Tell us about your time at the Film and Television Institute of India (FTII), Pune.
When I went to the institute, I reacted very sharply to these khadi-kurta guys, who only spoke about Robert Bresson (French director) and Lawrence Durrell’s 1958 novel, Balthazar. I had come from a small place in Kashmir, and I didn’t know who all these people were. I didn’t even know English.
I wanted to know more about Guru Dutt and Raj Kapoor, and wanted to study Mehboob Khan. But no one was talking about them. Rancho’s character in 3 Idiots (2009) is also based on the fact that I failed at the film institute. But finally, they had to give me the certificate, as I got an Oscar nomination. I was like a rebel. Then, the great RK Laxman (cartoonist) came to the institute for the convocation. He made a brief speech, and said, “Bad films make good money, and good films make bad money. So, please try and make good films that make good money.” So, I thought, why not make good films that people would watch too? I owe it all to RK Laxman.
What were your early film influences?
I used to go to the cinema hall, Palladium, in Srinagar. But we didn’t have money to watch any films. So, we would listen to the dialogues through the theatre’s door. I have watched Ram Aur Shyam (1967) inside the theatre once, but 20 to 30 times behind the door (smiles). I watched an English film for the first time when I was 13 or 14; it was a James Bond movie, which would play at 7pm. Not many would believe that when I went to a film institute, I didn’t know who Shakespeare was. On the first day, when I was asked by a teacher about Hamlet, I said, “Who is Hamlet?” But he thought I was up to some mischief. Later, I read Hamlet’s story in a book that simplified Shakespeare’s plays for children. I started talking in English after watching English films at FTII.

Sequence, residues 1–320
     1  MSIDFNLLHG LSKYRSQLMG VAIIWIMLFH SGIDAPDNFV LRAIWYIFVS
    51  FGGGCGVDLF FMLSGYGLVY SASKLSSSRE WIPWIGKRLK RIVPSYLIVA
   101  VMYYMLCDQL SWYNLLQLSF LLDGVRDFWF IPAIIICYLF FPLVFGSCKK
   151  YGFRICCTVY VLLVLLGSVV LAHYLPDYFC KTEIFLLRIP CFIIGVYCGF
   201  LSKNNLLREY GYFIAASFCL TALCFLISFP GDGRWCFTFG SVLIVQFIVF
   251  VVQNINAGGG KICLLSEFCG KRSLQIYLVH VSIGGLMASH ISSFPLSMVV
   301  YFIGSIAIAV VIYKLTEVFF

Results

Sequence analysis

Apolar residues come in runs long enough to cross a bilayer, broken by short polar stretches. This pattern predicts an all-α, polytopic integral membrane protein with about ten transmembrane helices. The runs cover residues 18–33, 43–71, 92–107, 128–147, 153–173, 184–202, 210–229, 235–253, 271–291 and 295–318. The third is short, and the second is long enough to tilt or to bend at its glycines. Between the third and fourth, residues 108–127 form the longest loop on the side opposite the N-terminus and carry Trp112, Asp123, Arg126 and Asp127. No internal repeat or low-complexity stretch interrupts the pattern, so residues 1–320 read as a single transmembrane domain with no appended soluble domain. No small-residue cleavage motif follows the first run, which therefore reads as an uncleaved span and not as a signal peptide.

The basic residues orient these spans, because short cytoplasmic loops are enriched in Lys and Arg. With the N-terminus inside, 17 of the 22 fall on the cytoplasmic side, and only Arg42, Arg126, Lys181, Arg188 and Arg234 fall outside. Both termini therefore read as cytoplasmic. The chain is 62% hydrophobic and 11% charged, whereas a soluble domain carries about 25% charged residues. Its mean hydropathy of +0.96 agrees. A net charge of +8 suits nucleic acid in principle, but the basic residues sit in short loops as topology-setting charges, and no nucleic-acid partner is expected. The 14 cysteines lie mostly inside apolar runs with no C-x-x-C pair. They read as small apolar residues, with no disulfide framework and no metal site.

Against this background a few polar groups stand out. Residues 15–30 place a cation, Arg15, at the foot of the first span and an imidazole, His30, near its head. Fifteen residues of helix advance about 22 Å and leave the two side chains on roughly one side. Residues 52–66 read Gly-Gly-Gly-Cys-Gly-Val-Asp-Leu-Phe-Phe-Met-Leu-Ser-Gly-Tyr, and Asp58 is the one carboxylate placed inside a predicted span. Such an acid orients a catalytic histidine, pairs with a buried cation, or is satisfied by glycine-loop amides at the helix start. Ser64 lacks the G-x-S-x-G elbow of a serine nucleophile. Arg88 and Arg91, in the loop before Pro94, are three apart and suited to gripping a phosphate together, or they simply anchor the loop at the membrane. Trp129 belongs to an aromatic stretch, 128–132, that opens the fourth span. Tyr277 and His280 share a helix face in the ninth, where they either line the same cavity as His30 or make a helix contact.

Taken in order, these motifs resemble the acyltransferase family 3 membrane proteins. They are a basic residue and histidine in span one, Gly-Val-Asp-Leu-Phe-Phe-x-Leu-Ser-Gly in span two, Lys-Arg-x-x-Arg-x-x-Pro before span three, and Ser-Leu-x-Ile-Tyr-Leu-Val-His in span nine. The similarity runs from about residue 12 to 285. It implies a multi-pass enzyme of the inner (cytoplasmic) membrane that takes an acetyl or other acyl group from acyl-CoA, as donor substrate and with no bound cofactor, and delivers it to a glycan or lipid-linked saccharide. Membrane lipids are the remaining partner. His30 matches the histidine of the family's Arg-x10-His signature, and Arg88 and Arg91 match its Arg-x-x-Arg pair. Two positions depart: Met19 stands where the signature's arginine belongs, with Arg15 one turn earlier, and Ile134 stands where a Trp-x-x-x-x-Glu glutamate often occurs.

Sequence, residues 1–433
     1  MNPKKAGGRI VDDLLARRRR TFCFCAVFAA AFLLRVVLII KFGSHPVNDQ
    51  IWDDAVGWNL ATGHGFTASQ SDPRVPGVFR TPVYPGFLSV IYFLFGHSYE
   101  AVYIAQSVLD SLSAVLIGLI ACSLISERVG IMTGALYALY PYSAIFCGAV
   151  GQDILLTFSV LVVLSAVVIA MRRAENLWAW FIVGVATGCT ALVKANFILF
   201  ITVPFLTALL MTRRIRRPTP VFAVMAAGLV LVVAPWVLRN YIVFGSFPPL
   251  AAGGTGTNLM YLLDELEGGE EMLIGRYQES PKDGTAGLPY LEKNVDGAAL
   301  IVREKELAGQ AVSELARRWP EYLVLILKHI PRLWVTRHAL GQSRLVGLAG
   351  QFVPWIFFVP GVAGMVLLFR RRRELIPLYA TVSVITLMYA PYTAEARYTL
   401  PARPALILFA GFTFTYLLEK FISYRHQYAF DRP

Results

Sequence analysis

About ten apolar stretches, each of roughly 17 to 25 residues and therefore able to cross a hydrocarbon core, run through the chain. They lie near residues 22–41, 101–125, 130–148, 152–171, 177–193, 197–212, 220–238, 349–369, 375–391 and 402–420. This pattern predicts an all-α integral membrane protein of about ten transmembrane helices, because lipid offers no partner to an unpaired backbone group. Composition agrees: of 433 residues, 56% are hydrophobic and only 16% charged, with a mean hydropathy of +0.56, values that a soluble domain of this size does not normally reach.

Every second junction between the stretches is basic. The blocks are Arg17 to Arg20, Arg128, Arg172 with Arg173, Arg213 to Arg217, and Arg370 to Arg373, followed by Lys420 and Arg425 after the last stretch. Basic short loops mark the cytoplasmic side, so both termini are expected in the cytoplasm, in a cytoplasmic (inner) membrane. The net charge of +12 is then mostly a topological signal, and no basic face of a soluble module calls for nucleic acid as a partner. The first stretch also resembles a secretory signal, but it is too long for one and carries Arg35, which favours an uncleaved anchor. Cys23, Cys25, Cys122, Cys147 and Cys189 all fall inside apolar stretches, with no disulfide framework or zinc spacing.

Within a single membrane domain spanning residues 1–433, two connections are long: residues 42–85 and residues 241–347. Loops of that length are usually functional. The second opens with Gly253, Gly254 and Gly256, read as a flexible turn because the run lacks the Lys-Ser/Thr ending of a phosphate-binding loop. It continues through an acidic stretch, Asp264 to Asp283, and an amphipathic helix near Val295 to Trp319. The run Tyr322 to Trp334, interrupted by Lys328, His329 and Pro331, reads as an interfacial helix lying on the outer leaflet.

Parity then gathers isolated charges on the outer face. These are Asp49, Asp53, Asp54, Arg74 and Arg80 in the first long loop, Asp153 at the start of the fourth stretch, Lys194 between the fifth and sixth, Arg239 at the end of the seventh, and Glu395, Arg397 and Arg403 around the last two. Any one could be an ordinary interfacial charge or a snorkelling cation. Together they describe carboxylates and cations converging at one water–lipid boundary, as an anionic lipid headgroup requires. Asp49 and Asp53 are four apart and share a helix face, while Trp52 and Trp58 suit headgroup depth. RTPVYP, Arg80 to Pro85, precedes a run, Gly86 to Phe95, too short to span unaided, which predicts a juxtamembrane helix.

Was your family also interested in films?
Not at all. My father was an insurance manager. My parents wanted me to become a doctor, as I was a ‘first class’ student. So, I just couldn’t tell my father that I wanted to make films, fearing the beating I would get. When I gave the pre-medical exams, I had answered only two-and-a-half questions instead of five. So, for the first time, I got only 56%. I didn’t get admission anywhere, so I got what I wanted — admission into a BA course. But I hadn’t told my father about that. When I got nominated for the Oscars for An Encounter With Faces (1978), and got a Golden Peacock Award in Delhi for it, where my father was also present,